I am also constantly interested in pushing boundaries, whatever those boundaries might be. People are surprisingly easy to herd and tend to be followers versus trailblazers, even in poetry. I’m hardly ever interested in what everyone else is interested in. It’s a big challenge to feel so out of sync with the rest of the world, but I’ve learned to embrace my differences. To use those differences to say different things in different ways.

JW: While giving your time to editing and teaching, how do you carve out time for your own poetry? What is your writing routine like? How does a writer maintain stamina and mental health while staying dedicated to their craft?

VC: I don’t really ‘carve’ to use your word. Carve feels a little too active to me. I just sit down and write. Or stare at trees. Or read. Or think. Let the mind wander. I like to sit down in the mornings when my brain is working extremely well. But my mornings are quite busy so if I get to sit down, it’s quite a gift. Sometimes things go well, most of the time, they don’t. When they don’t, I’ll hang it up and go do something else. But still call the morning a ‘success’ because my brain got to work a little and it had fun no matter what.
Writing is a practice for me, as I said. It’s no different than eating or drinking water or breathing in air. I need it more than it needs me. It actually is my mental health. So, I don’t think of it as a job or a chore or a career. It’s a way of living.

JW: I love the fact that politics is so subtly mentioned in The Trees, that we are never too far from reality even if the mind is what we find much more anchoring. You write: ‘We are made of war’ and ‘violence has been painted over’, while a poem has a title ‘Avoiding news by the river’. How do you see the poet’s role in engaging with present-day conflicts? Does poetry need to solve anything? Or can we flee from that reality in our poetry?

VC: I think writing about political events or current events is always challenging because the poem can become cemented to the event itself, the realism of the event, the stance of the event, the morality of the event. So much is already known. But I’m always up for a challenge so I think my poems can engage with current events in my own way.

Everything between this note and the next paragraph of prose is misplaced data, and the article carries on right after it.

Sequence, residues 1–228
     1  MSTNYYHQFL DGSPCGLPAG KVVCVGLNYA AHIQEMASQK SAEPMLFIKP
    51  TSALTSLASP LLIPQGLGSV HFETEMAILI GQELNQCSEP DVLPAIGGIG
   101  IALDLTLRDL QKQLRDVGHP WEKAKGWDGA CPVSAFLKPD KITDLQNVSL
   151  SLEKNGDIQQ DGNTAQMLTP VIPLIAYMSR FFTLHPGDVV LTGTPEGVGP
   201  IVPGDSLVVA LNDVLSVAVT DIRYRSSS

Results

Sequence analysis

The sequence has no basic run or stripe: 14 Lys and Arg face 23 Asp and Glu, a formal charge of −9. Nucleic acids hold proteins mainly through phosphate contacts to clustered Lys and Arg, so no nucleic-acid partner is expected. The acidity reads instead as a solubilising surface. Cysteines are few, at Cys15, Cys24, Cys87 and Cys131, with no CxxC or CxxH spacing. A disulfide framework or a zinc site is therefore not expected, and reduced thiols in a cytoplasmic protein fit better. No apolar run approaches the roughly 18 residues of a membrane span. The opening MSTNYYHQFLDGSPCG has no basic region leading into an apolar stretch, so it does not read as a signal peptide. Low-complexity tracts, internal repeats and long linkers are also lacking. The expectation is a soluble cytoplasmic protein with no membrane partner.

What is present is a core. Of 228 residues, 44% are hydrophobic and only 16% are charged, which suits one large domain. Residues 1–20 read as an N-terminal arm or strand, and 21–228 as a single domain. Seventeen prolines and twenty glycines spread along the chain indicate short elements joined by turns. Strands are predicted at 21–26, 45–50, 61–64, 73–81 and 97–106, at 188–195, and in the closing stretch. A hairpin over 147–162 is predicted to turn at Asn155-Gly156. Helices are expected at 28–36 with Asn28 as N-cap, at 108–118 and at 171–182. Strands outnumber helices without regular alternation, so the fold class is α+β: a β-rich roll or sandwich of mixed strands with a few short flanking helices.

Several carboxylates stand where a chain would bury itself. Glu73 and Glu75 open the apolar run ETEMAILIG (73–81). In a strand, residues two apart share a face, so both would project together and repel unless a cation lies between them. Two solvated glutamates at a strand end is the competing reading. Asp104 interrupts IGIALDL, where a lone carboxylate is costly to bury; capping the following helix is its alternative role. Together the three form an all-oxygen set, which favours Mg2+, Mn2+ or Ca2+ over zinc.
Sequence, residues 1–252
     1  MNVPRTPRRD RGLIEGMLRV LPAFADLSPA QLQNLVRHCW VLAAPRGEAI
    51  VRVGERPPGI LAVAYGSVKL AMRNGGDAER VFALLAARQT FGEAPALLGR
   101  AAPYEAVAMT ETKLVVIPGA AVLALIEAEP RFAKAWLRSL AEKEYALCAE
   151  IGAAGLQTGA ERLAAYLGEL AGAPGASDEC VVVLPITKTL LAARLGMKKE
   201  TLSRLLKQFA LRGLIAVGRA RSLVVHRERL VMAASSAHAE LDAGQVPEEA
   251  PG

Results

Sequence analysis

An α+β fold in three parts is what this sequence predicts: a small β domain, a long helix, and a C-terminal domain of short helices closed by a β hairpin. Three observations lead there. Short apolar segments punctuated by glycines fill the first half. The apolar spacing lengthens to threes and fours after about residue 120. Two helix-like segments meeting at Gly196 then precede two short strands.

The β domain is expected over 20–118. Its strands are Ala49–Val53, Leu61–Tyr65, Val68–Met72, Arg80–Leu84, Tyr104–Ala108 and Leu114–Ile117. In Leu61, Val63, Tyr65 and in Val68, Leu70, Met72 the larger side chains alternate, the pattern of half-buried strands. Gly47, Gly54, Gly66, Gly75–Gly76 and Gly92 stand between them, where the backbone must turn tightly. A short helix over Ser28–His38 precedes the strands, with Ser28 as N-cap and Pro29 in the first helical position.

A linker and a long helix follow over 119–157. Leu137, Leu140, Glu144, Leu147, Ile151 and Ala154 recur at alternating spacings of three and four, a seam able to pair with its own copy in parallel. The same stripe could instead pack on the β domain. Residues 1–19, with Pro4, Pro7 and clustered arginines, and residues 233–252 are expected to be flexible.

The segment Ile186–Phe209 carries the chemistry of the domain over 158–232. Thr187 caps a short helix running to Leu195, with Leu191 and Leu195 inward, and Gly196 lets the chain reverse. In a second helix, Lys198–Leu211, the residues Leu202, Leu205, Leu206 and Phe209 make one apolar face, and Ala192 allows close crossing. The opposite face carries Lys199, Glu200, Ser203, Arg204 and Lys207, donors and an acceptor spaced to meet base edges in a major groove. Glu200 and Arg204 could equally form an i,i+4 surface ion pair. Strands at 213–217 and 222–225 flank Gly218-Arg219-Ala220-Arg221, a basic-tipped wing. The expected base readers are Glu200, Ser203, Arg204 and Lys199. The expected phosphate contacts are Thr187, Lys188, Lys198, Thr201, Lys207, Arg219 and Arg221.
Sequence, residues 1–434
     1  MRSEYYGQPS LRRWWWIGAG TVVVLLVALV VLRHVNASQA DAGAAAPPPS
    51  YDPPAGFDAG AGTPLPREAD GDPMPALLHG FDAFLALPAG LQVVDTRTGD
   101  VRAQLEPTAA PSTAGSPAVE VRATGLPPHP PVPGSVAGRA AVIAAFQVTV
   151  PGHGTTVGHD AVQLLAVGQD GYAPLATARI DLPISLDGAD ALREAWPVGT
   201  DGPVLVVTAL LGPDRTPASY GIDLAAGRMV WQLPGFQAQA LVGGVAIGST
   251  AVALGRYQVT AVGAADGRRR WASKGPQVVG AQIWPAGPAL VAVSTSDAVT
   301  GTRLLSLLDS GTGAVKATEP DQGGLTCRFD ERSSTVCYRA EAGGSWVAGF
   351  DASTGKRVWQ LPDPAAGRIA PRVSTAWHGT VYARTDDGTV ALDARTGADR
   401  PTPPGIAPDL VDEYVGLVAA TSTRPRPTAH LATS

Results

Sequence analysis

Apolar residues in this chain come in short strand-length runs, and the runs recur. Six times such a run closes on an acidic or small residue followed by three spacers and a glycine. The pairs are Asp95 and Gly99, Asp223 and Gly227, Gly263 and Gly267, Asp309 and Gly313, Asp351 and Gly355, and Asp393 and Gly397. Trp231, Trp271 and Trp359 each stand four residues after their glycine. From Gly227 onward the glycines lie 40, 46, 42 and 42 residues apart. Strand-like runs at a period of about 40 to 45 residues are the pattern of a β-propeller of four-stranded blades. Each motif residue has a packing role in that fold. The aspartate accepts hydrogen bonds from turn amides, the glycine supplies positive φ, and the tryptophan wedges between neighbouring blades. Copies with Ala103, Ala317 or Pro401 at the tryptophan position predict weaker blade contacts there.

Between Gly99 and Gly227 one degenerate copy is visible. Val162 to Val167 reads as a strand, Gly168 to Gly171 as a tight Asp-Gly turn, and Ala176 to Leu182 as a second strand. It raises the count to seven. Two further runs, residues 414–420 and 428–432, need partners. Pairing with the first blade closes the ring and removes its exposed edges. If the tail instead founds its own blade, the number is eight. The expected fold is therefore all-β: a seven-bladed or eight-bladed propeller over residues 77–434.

Poetry doesn’t really need to do anything in my opinion. But it does so much. It can change the way people think. It can bring the mind and soul to a different plane. I think it can also expand one’s imagination. Isn’t that what we need now more than ever?

JW: You are working on your next collection. Can you tell us more about it? In what ways have the variety of your previous collections influenced you?

VC: I’ve finished a book of ekphrastic poems on Agnes Martin and that’s coming out with Farrar, Straus and Giroux in 2024 and also with Corsair in the UK. I actually also finished another book of poems called Tree of Knowledge, which was surprising, but it came so I allowed it to come. I’m now working on a book of prose and enjoying that process too. And reading. I love reading, so I am reading about thirty books all at once.

Jennifer Wong is the author of several books including Letters Home (Nine Arches Press) and Identity, Home and Writing Elsewhere in Contemporary Chinese Diaspora Poetry (Bloomsbury Academic, 2023). She teaches creative writing and is working on her next collection. 

Donate to Poetry London

Be a part of the next 100 issues

To donate, please click on the button below, or send a cheque payable to ‘Poetry London’ to Poetry London, Goldsmiths, University of London, New Cross, London, SE14 6NW, UK.

Donate to Poetry London today

Discover more from this issue…

Summer 2023

Issue 105

The Summer 2023 issue features three new poems from Jay Bernard, as well as new work by Ian Duhig, Meena Kandasamy, D. Nurkse, Yang Lian, Katharina Schultens, Victoria Chang, Pascale Petit, Declan Ryan, Sunnah Khan, Jamal Mehmood and lisa luxx, among many others. Translations include poems originally written in Arabic, Chinese, Greek, Hebrew, Nepali & Spanish by Mahmoud Darwish, José Luis Díaz-Granados, Amir Or, Katharina Schultens and Avinash Shrestha. Elsewhere, Isabelle Baafi interviews Don Paterson, while our reviews section carries criticism by Dzifa Benson, Oluwaseun Olayiwola, Patrick Romero McCafferty and alice hiller.
Buy the Summer 2023 issue

Subscribe to Poetry London

Subscribe today!